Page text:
It would make scenes like the oneat right from yesterday -- fans in the Monster Seats reacting to a homerun -- pretty familiar.

Quote of Note

"Id probably have to say the RedSox. I would like towin a World Series in the National League, so the Phillies are inthere, too. But for the time Im going to be playing, I think Boston ismore suitable so that I can retire with the Boston Red Sox and go tothe Hall of Fame with the same hat."

-- Pedro Martinez, tellingthe New York Times he'd like to come back and pitch for a contender in2011. He says he'll be ready in "a month, amonth-and-a-half," and that the Red Sox are his firstchoice.

And, you know, the notion isn't asridiculous as it might have seemed eight gamesago.

Art Martone can be reached at amartone@comcastsportsnet.com.

McAdam: It's make-or-break time before the break for Red Sox

McAdam: It's make-or-break time before the break for Red Sox

Not long ago, the final homestand of the first half of the 2016 season looked like an opportunity for the Red Sox.
Now, however, it looks more like a survival test.
Are they contenders or pretenders? 
Is this a month-long downturn or a preview of coming attractions? 

The Red Sox still possess a winning record and are tied for one of the wild-card spots in the American League. The season isn't shot. Yet.
But it could be soon if the Red Sox don't execute a turnaround and thrust themselves back into the divisional race. At the precise moment the Red Sox are in freefall, the Baltimore Orioles are streaking, and doing what the Red Sox have failed to do: take advantage of some breaks in the schedule.
While the Red Sox dropped two of three to a Tampa Bay team which had lost 11 in a row -- four at the hands of the Orioles themselves, it should be noted -- the Orioles have steamrolled over lowly opponents to go 7-1 against a steady diet of nothing by the Rays and Padres.
That delivers some additional urgency to this upcoming homestand, which features three games each against the Los Angeles Angels, the Texas Rangers and the Rays again.
While Dave Dombrowski continues to hunt for pitching help, how the Red Sox play over the next nine games could either intensify his search or reduce it to unnecessary.
Should the Red Sox lose further ground while at home, it might result in Dombrowski refusing to mortgage any of his organization's future for a team that hasn't proven worthy of an upgrade.
Why sacrifice prospects in exchange for a starting pitcher or bullpen piece when the playoffs drift out of reach? And, yes, the Red Sox are going to need reinforcements to the rotation and the bullpen for next year either way, but if the Sox don't show signs of life soon, that effort can be put off until after the season.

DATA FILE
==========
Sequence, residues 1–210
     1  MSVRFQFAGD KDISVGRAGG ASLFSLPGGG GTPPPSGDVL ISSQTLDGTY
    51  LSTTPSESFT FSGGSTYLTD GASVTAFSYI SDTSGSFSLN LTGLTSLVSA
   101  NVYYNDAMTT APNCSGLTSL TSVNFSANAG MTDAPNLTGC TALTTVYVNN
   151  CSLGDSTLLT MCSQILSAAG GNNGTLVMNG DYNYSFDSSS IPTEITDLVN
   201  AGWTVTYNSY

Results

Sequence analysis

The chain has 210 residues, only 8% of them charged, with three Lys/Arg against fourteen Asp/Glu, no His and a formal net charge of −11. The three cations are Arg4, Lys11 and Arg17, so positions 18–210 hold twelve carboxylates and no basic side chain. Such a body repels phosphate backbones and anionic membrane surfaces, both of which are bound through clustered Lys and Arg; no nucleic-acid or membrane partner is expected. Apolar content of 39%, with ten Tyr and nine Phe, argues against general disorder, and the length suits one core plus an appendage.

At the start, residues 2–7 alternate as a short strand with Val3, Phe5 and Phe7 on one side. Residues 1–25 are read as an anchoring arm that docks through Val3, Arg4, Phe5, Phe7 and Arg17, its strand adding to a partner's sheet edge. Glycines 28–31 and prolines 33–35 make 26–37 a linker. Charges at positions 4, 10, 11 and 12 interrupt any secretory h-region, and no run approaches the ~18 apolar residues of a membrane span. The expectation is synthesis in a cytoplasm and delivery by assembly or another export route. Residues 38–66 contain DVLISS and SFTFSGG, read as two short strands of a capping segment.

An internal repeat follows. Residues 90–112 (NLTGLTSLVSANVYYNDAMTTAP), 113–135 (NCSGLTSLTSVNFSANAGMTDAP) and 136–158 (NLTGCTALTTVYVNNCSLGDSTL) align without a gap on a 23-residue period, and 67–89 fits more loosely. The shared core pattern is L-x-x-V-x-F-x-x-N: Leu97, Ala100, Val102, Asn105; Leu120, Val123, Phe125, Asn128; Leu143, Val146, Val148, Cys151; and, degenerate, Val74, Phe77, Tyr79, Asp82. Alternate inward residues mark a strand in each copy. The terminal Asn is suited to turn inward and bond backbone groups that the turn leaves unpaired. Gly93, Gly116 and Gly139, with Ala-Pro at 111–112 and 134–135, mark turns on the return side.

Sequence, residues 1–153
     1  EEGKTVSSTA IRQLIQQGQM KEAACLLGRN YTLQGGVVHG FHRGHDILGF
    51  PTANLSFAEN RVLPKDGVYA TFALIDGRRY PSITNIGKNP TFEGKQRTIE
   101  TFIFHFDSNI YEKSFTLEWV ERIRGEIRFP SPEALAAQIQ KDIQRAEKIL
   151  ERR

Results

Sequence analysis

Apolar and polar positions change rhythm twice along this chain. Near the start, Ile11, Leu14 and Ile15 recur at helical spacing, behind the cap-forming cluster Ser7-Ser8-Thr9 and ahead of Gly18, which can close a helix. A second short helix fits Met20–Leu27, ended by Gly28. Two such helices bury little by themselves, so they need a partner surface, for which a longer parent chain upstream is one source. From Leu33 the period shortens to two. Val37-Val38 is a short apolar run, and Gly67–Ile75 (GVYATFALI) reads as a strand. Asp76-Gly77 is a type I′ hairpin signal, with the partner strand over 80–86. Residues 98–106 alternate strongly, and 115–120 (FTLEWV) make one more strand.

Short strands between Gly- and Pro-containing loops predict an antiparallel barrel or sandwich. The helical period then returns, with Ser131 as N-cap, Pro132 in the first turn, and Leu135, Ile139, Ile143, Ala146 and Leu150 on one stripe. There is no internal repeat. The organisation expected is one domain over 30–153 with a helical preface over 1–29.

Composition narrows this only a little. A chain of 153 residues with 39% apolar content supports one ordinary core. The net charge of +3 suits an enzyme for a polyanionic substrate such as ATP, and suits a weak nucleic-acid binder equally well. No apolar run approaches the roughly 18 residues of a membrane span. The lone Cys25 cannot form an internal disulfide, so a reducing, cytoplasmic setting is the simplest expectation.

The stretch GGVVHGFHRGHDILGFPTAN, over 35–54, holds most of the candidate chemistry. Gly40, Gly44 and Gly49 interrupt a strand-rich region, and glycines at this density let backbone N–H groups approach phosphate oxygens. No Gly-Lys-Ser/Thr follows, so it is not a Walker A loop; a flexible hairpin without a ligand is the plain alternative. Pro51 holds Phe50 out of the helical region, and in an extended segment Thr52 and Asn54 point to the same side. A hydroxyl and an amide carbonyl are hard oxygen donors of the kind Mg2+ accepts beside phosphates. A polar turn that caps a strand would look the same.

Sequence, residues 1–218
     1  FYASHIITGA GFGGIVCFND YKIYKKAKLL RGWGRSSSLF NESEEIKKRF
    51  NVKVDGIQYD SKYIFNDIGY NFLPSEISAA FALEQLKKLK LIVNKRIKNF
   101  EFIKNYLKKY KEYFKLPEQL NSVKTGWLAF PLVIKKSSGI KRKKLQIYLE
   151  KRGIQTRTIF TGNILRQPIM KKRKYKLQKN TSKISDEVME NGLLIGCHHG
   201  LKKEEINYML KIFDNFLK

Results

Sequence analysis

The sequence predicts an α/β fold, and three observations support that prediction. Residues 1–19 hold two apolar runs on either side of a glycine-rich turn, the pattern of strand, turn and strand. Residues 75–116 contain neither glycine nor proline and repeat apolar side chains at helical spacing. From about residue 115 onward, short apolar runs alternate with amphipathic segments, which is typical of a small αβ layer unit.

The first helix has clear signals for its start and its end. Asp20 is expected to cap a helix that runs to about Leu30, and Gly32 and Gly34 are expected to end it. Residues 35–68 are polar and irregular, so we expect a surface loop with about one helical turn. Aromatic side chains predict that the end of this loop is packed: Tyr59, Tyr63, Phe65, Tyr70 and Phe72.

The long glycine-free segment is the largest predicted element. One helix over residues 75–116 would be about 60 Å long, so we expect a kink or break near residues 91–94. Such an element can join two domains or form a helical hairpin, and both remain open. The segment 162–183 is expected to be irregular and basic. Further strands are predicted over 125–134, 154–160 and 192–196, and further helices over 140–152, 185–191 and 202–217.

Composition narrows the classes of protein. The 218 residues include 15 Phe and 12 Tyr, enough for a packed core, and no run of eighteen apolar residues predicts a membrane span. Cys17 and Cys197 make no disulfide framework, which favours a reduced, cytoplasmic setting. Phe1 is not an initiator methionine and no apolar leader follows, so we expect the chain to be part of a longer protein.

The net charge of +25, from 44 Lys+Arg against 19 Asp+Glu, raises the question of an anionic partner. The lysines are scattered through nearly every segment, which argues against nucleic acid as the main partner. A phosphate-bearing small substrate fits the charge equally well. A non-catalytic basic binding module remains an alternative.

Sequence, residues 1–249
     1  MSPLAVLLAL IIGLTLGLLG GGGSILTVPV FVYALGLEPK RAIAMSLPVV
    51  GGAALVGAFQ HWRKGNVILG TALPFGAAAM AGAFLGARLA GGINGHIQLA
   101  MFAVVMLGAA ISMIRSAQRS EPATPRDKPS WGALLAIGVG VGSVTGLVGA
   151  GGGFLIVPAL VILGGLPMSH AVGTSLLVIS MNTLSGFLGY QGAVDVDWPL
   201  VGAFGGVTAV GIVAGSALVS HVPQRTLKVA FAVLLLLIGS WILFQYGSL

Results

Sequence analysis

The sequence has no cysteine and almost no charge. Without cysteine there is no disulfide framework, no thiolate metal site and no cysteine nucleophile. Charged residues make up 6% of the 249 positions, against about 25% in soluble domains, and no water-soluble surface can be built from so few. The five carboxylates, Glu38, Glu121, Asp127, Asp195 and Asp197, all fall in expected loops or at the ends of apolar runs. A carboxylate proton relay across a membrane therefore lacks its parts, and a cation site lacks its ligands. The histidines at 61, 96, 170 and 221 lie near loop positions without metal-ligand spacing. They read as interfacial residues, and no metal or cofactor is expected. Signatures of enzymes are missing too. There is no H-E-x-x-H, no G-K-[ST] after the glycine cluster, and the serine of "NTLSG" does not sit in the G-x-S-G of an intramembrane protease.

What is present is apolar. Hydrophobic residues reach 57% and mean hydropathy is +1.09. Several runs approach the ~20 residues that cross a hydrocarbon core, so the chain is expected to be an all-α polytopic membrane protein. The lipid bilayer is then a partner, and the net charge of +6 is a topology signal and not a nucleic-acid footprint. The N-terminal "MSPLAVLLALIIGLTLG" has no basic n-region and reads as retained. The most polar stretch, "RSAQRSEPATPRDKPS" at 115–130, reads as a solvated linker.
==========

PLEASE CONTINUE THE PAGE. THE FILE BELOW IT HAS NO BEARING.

Due to simple laws of supply and demand, the already exorbitant cost of pitching skyrockets before the trade deadline, since there are a handful of needy teams convinced that one additional arm could spell the difference between a trip to the World Series and missing the postseason altogether.
If a team isn't in need of immediate help, it's best to wait for November and December, when there's less of a sense of desperation to the whole exercise.
Beyond the matter of determining whether the Red Sox go all-in on 2016, there's the matter of job security for manager John Farrell.
Should the Sox continue to stumble, the All-Star break might give Dombrowski time and cause to evaluate whether it's time to make a change in the dugout.
If Dombrowski determines that the season can still be salvaged with a change of voice in the dugout, Farrell would be vulnerable. And if he decides that, regardless of playoff aspirations, he's seen enough in a half-season of observation that  Farrell isn't his choice to lead the club going forward, the four-day break would be time to reflect, then act on that evaluation.
Farrell challenged his team in a postgame meeting Monday, exhorting them to play to their potential, to trust in their teammates and play hard.
If that push doesn't yield tangible results in the next 10 days, a dark uncertainty -- for himself and the team he manages -- lies ahead.
The All-Star break offers upper management and ownership a time to take stock in what they have. If they don't like what they see in the next week and a half, the consequences could be felt soon.


Carrabis: Farrell doesn't have to rip his pitchers

Carrabis: Farrell doesn't have to rip his pitchers

Jared Carrabis joins Michael Felger on Town Fair Tire Sports Tonight to provide his take on David Price's latest outing and the apparent disconnect between Red Sox players and manager John Farrell.